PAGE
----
Of course, there are significant obstacles to achieving the modest goal the administration has set as well. There’s the corrupt and unpopular Karzai government, the less than helpful Pakistan, and the grim structural realities including rugged terrain and a low literacy rate. Obama did not help things when he gave his commanders less troops than he wanted.
But let’s have an honest debate about the pros and cons of the war, instead of listening to those building strawmen.
Just yesterday evening, I was debating the extent to which the Pakistani military knew about Osama bin Laden’s whereabouts in his Abbottabad safe house with my Fletcher friends, and the degree to which it can be held responsible as an organization.
As with many things at Fletcher, you often discover somewhere down the line that the current debates you have at the school often coincide in weird ways with future developments. Last night, fresh evidence surfaced by the Press Trust of India via a leaked Stratfor email that elements of the military knew about OBL’s whereabouts. Here’s what Fred Burton, the global intelligence firm’s vice president for intelligence, wrote to his company’s regional director for Middle East and South Asia Kamran Bokhari soon after the US commando operation last May:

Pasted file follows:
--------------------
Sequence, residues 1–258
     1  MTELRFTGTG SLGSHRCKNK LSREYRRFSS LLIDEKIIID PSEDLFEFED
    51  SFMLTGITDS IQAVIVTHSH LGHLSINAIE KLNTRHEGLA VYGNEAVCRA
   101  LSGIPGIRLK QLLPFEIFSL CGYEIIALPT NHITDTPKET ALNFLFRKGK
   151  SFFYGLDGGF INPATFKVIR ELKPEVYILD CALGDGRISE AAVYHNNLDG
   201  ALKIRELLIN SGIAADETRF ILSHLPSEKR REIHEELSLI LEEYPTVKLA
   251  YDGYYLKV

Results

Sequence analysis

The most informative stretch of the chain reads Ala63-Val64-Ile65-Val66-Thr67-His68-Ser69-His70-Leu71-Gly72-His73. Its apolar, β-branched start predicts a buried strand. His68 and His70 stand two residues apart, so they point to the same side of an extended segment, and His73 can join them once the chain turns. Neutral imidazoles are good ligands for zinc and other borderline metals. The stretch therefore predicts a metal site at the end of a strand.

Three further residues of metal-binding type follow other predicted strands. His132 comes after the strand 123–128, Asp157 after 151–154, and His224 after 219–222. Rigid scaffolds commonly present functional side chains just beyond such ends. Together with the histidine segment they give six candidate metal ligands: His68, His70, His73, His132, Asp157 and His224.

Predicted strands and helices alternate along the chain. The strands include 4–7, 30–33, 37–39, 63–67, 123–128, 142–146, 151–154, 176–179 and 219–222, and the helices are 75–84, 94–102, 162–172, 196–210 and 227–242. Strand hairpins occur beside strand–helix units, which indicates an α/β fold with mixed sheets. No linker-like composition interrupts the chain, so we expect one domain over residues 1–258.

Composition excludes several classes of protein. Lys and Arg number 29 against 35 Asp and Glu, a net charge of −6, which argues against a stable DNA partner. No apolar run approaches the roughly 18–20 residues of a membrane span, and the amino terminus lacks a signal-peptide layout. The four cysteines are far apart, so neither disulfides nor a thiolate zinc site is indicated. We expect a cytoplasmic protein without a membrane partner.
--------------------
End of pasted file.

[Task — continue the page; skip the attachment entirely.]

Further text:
Mid to senior level ISI and Pak military with one retired Pak Military General that had knowledge of the OBL (Osama bin laden) arrangements and safe house.
There were about less than a dozen people within the ISI and Pakistani military who had information on bin Laden. No word on the specific names or ranks, but apparently that’s information the US had. The Blackberry email goes on: